I’m not writing about blame, I’m writing about awareness and vigilance. Is there a relationship in your life that you are ignoring and sending away? Are you divorcing in some way? It is easy to do if we are not active in keeping our relationships current, honest and healthy. The good news is that relationships can be healed if the symptoms of our actions and intentions are operated on early.

There is a reason God is quoted in Malachi 2:16 as saying, ‘I hate divorce’ but let’s be clear that divorce is about something more than just a marriage certificate. It is about breaking trust, distancing ourselves from someone, demeaning the value of individuals, and worst of all, it twists love into a temporary and selfish act. Each of these is anti-God.

On the other hand we have a deified example of relationship…


Christ is the visible image of the invisible God.
He existed before anything was created and is supreme over all creation,
for through him God created everything
in the heavenly realms and on earth.
He made the things we can see
and the things we can’t see—
such as thrones, kingdoms, rulers, and authorities in the unseen world.
Everything was created through him and for him.
He existed before anything else,
and he holds all creation together.
Christ is also the head of the church,
which is his body.
He is the beginning,
supreme over all who rise from the dead.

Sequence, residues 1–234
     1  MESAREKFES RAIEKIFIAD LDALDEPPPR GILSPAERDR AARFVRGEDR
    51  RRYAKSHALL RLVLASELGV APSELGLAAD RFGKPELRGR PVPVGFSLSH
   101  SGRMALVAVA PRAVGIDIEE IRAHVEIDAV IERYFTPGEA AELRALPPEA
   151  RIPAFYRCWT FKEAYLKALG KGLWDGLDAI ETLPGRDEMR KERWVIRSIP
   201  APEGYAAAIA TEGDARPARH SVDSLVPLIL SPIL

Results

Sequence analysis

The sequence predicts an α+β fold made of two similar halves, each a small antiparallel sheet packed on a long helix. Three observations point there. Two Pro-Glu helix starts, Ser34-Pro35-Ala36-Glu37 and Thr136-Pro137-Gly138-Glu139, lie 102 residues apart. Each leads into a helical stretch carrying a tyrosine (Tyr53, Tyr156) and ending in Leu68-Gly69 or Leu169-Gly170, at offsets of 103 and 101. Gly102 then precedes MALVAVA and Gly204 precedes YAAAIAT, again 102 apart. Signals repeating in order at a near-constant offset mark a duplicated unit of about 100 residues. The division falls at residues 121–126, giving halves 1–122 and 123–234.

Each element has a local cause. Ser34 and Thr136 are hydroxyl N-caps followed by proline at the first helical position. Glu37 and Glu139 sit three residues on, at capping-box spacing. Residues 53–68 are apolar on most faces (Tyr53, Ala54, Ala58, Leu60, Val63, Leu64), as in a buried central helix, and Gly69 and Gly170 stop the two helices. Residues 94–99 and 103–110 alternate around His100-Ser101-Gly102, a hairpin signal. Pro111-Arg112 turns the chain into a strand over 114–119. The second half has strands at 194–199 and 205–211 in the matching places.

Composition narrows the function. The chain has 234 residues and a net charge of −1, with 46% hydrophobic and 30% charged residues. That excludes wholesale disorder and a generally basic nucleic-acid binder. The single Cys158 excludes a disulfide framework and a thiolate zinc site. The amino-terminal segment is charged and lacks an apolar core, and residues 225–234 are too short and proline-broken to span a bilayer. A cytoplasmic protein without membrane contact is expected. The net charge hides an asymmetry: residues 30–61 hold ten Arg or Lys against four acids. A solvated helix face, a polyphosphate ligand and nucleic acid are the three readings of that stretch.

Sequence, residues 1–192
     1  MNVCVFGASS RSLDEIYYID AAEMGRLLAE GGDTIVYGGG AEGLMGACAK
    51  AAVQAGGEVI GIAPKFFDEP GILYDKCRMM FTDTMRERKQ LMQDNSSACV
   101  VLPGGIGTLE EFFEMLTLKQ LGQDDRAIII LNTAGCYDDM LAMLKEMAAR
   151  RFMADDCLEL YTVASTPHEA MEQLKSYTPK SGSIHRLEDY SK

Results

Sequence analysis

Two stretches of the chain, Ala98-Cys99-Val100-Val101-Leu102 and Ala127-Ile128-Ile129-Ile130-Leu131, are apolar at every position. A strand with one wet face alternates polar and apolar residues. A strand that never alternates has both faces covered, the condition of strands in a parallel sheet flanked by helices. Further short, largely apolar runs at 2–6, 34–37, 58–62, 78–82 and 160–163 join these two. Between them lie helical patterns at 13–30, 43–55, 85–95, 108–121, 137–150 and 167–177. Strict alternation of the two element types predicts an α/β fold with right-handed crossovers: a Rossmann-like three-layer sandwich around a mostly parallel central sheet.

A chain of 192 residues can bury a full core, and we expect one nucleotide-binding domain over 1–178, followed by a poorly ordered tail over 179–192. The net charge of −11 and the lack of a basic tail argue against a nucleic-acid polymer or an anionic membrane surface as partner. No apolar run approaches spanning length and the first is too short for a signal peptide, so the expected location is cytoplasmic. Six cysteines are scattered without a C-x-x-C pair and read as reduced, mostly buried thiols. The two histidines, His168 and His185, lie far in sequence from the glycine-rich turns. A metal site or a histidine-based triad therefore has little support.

So he is first in everything.
For God in all his fullness
was pleased to live in Christ,
and through him God reconciled
everything to himself.
He made peace with everything in heaven and on earth
by means of Christ’s blood on the cross.      

This includes you who were once far away from God. You were his enemies, separated from him by your evil thoughts and actions.Yet now he has reconciled you to himself through the death of Christ in his physical body. As a result, he has brought you into his own presence, and you are holy and blameless as you stand before him without a single fault.

But you must continue to believe this truth and stand firmly in it. Don’t drift away from the assurance you received when you heard the Good News. The Good News has been preached all over the world, and I, Paul, have been appointed as God’s servant to proclaim it.

… I am glad when I suffer for you in my body, for I am participating in the sufferings of Christ that continue for his body, the church.God has given me the responsibility of serving his church by proclaiming his entire message to you.This message was kept secret for centuries and generations past, but now it has been revealed to God’s people.For God wanted them to know that the riches and glory of Christ are for you Gentiles, too. And this is the secret: Christ lives in you. This gives you assurance of sharing his glory.

So we tell others about Christ, warning everyone and teaching everyone with all the wisdom God has given us. We want to present them to God, perfect in their relationship to Christ.       – Colossians 1:15-28 (NLT)


Notice the unity between God and Christ (Jesus): they work in harmony and trust; they are active in applying love across the board; they are the antithesis of divorce.

And as the writing proceeds we see Paul revealing a secret that applies to each of us: ‘Christ lives in you’.

If Christ is in you, then are you doing your part to ensure it is a healthy relationship?